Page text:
According to research, baby boomers are less healthy than the previous generation. Their rates of obesity is higher, they are less active, and they experience more health issues.
With all that we've learned in the last few decades about health, we'd expect the new generations to live longer and healthier, right?!
Unfortunately, it's getting worse.
Below is a list of the top 3 misconceptions in regards to the status of our overall health and longevity.
Misconception #1 - “We're now living longer”
Thanks to some advances in medicine, some diseases can now be treated and this can extend the life of patients that would have otherwise died. So because of it, we'd like to think that we've increased our lifespan.
Hardly so! We're getting sicker and sicker with each generation, and although we're able to ward off an early death, most people now die of disease rather than old age.
Misconception #2 - “It's all genetic”
Although genetics might come into play to determine your “maximum longevity potential" (how long you can live based on your genetics) and overall health, most of game is based on what you'll do in your life to take advantage of that potential.
Sure, some people can eat just about anything and live to be 90. But what if they had taken better care of themselves? Can you imagine how long they could have lived?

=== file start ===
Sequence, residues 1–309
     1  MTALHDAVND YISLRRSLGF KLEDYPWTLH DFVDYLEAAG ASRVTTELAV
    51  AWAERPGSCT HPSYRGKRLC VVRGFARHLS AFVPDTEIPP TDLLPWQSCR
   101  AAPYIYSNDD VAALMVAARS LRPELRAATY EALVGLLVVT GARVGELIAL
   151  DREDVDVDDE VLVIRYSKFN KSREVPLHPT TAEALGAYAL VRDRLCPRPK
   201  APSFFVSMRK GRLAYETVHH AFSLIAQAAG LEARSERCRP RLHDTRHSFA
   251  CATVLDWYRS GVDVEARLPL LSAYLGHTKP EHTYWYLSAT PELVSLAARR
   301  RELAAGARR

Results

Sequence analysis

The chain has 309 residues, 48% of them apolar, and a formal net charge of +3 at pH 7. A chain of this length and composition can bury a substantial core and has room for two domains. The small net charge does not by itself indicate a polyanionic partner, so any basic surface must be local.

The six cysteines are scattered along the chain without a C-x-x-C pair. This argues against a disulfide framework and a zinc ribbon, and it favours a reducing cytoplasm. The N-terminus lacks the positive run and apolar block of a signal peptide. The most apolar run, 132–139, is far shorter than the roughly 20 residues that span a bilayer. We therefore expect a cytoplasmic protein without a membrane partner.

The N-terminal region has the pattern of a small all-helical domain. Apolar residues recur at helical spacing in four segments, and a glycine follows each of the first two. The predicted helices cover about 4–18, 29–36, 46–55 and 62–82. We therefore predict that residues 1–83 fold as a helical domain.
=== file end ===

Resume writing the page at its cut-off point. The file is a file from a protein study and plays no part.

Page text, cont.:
Maybe you don't have the constitution to reach 100. But if you can manage to harness your “longevity potential”, you could add 5, 10, 20 healthy years to your life.
Misconception #3: “Certain foods will make you live longer” and/or make you healthy.
People would like to get the magic pill. “Just tell me what to eat to live longer,” "what should I eat to be healthy," they'll say. Surprisingly, not eating, seems to be the key to living longer and better.
The most common factor of long-lived people is calorie-restriction. That means, most people who live longer eat a little less than average. When the bulk of your diet is composed of high quality, nutritionally dense foods, you learn to consume enough food to meet your needs, you'll take in less calories than what would be recommended for you by daily averages.
Keep in mind there are no obese centenarians!
So it seems that thin is best! If you can have a body fat level that is below average, but still within healthy ranges, then you're dramatically increasing your chances of not only living longer but living healthier too.
Image Credit: Google Images
*Inspired by Frederic Patenaude; The author of the best-selling e-book "The Raw Secrets".
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